Reading books in Pakistan

Published: December 9, 2012

Reading will be promoted only when the average citizen takes to the habit. PHOTO: ONLINE

The 8th Karachi International Book Fair that opened on December 6 lasting through to the 10th has become an annual event with far-reaching implications for a nation that reads less with each passing year and reads increasingly into the past instead of the present and future. Also, it reads more in Urdu today than in the past, with English becoming less and less accessible as a vehicle of new knowledge. The presiding factor in the decline of reading is the expensive cost of books, which is a worldwide phenomenon signalling, perhaps, the end of the book in human history.

The book has been a vehicle of knowledge, which seems to have begun with the invention of the word ‘book’ in the divine revelations of all religions: it meant the passage of humanity from the oral-pagan tradition to religious wisdom and civilisation. The invention of paper put the book in global circulation, thus universalising knowledge and making humanity interconnected. It also meant the breaking of the isolation of cultures and civilisations and the penetration of societies frozen in ideologies by alien views of life. When the book declined, civilisation, too, declined. What began in Europe with Solon’s Athens disappeared in the Dark Ages when, shockingly, Europe forgot how to read and write.

The book fair in Karachi has held on for eight years, which is a signal of hope in a city slowly being swallowed up by the barbarism of those who hate culture and want to destroy it. According to one estimate, the fair attracts 200,000 people, making transactions worth Rs100 million in four days. (This means that 1.2 per cent of Karachiites actually read books.) But this is a figure of four years ago. Karachi is cruelly debilitated by the terrorism of the intervening years. The fair can actually be the target for the terrorists who want to achieve high casualty rates in short order. But the truth is that Karachi still reads more than any other city in the country. It stands out against a background of cities in the rest of Pakistan gradually dying in the face of violence and a collapsing economy. Book-reading is integral to culture and economic prosperity, both in retreat in Pakistan and, tragically, in the Islamic world.


The fair being international means there will be books from outside Pakistan, including India. In the past, Indian participation showcased India’s superiority in the book trade, especially in the section that sells books written in English. However, the trend has been in favour of religious books. Islamic books topped the list of the most purchased titles in Karachi for several years but fell to second position when politics and memoirs of public figures took the lead. Will that be the case this year, too? It may not even apply to other cities of the country where publishing is now dominated by religion, pointing to a clear linguistic divide that empowers a narrative that could be challenged in the market of ideas. Becoming isolated in a globalised world is the first sign of decline in civilisation and of defeat in intellectual contest.

Stark facts cannot be ignored. Reading will be promoted only when the average citizen takes to the habit. (The well-to-do are benefiting from the new trade of international remainders bought en masse by some traders, but that only creates a deviant minority rather than a mass following of non-doctrinal knowledge). With the economy in decline and unemployment on the increase, books simply cannot be afforded. Paper, which gave rise to human civilisation, is expensive because global ecology does not permit its manufacture as cheaply as in the past. Pakistan is under assault from forces of darkness. The killers promote the same ideology as the ideology of the state which means that the state itself is vulnerable. People are shifting from idioms that puncture the illusion of the false utopia the terrorists promote. Pakistan is introverted on the basis of a sense of victimhood based on state-invented fiction. Cities such as Rawalpindi, Quetta and Peshawar that boasted some great bookshops are now selling only religious books and most shops have been closed down. Lahore’s conservatism, too, has damaged the essentially pluralist pastime of book-reading.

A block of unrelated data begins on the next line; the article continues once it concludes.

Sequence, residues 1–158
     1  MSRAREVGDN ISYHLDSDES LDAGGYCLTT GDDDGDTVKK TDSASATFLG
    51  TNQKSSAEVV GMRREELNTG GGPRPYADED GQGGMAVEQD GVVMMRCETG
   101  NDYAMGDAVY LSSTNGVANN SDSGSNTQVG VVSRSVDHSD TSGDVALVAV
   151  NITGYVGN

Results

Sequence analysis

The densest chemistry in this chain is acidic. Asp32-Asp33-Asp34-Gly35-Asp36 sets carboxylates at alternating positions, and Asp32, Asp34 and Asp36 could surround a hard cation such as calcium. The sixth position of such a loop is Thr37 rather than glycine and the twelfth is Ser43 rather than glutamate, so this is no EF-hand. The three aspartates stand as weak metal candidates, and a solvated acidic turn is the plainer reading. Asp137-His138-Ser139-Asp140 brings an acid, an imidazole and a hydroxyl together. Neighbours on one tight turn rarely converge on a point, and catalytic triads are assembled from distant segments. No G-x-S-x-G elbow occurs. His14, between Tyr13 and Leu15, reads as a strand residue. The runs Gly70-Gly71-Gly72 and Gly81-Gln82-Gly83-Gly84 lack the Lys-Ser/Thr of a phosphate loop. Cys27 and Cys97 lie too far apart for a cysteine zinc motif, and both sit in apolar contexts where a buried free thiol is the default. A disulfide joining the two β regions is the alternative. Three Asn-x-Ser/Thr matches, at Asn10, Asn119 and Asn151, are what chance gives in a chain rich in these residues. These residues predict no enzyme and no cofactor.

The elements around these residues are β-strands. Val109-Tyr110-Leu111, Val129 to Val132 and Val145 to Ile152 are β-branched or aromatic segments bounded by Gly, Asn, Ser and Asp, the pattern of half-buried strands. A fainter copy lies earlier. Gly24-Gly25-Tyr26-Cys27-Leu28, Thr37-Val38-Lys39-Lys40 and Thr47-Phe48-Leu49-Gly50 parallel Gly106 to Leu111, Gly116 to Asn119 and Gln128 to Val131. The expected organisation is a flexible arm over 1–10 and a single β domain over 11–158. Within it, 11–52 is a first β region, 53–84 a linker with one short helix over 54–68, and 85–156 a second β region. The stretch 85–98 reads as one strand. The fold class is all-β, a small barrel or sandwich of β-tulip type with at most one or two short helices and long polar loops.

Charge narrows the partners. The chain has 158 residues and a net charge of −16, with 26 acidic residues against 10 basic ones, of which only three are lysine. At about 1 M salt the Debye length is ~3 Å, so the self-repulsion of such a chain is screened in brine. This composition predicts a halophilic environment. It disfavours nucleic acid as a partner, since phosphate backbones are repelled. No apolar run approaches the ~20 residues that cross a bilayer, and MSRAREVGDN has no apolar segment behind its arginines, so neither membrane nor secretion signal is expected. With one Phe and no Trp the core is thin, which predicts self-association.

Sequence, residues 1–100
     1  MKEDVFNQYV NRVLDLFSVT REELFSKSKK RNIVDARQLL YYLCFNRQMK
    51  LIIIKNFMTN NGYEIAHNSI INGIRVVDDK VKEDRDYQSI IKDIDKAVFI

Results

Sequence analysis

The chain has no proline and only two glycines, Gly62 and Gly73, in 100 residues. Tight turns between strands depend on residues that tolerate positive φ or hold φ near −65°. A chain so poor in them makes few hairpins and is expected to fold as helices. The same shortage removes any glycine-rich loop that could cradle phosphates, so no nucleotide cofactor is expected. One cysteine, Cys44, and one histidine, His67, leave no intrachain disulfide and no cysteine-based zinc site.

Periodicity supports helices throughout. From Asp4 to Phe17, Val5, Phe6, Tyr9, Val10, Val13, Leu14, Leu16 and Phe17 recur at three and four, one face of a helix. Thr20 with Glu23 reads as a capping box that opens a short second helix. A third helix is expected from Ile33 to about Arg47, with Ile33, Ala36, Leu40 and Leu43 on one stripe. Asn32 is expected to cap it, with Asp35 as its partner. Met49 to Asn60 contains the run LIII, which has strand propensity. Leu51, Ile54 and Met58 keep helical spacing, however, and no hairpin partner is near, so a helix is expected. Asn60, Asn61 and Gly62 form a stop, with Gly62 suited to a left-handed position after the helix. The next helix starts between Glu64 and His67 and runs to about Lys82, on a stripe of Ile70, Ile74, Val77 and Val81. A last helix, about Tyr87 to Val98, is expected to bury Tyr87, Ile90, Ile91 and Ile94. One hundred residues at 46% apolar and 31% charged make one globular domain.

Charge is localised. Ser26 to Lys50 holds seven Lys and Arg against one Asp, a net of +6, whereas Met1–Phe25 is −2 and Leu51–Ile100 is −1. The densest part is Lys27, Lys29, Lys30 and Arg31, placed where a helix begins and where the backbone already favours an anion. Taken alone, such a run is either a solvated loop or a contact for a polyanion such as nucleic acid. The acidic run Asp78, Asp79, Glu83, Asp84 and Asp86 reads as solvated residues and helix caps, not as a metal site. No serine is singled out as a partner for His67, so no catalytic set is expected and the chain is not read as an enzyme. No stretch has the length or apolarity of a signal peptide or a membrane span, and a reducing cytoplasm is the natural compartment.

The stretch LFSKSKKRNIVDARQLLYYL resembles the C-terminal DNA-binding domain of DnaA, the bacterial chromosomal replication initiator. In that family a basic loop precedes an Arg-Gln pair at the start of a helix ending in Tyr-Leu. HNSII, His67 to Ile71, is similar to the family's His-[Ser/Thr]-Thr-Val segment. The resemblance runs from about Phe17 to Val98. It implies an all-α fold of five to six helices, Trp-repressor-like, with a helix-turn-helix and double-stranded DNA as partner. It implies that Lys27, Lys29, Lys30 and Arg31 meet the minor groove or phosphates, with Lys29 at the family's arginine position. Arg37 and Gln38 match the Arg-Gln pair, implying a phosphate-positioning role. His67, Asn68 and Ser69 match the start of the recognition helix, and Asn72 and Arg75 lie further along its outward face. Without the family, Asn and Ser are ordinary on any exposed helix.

Published in The Express Tribune, December 10th, 2012.

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Reader Comments (20)

  • Bookseller
    Dec 9, 2012 - 10:45PM

    “Lahore’s conservatism, too, has damaged the essentially pluralist pastime of book-reading.”
    Don’t you think that’s a bit of a stretch. Not to mention unsubstantiated.


  • abu-uzhur
    Dec 10, 2012 - 6:35AM


    Very perceptive of you to point out the increasing squeezing of multi-cultural space in our

    society as reflected in our bookstores. A year back I scoured bookstores of

    Lahore for books in urdu which would nurture cosmopolitan and liberal outlook in my

    grand-children . Could find none .Recommend

  • IZ
    Dec 10, 2012 - 8:56AM

    “The book has been a vehicle of knowledge, which seems to have begun with the invention of the word ‘book’ in the divine revelations of all religions”

    This is your explanation of the invention of the book? You’re kidding, right?


  • HH
    Dec 10, 2012 - 9:41AM

    Very good editorial: I am an avid reader and I feel bad about the distance between us and the book. You are right that cost of books is a factor; however, i cant understand why we cant publish books on cheap paperbacks as happens in the world. Why we have to print hardbacks with glossy papers. This is the best way to bring the cost down.

    Another big reason is the arrogance of our so called litrary critics. Our Litrary critics only consider people like Ashfaq Ahmed, Mumtaz Mufti, Quaratulen Haider as ‘Adeebs’, and we completely disregard writers like Ibn-e-Safi. You hardly see any promotion of this type of fiction in Pakistan, whereas the truth is that the readership of suspence/thriller writers is much higher in the world than the other dry subjects (no disrespect!). In US/Europe, Thriller/Suspence writers like John Grisham, John Le carre, Ken Follett, Robert Ludlum recevies the equal publicity and better readership. However, in Pakistan, Fiction writers (including thrillers and romance) are still third grade citizens


  • Goran
    Dec 10, 2012 - 9:55AM

    Paper gave rise to human civilization?


  • IZ
    Dec 10, 2012 - 10:29AM

    This editorial is hilarious. There is some kind of logical fallacy or factual inaccuracy every 2 or 3 lines. For example:

    “When the book declined, civilisation, too, declined. What began in Europe with Solon’s Athens disappeared in the Dark Ages when, shockingly, Europe forgot how to read and write.”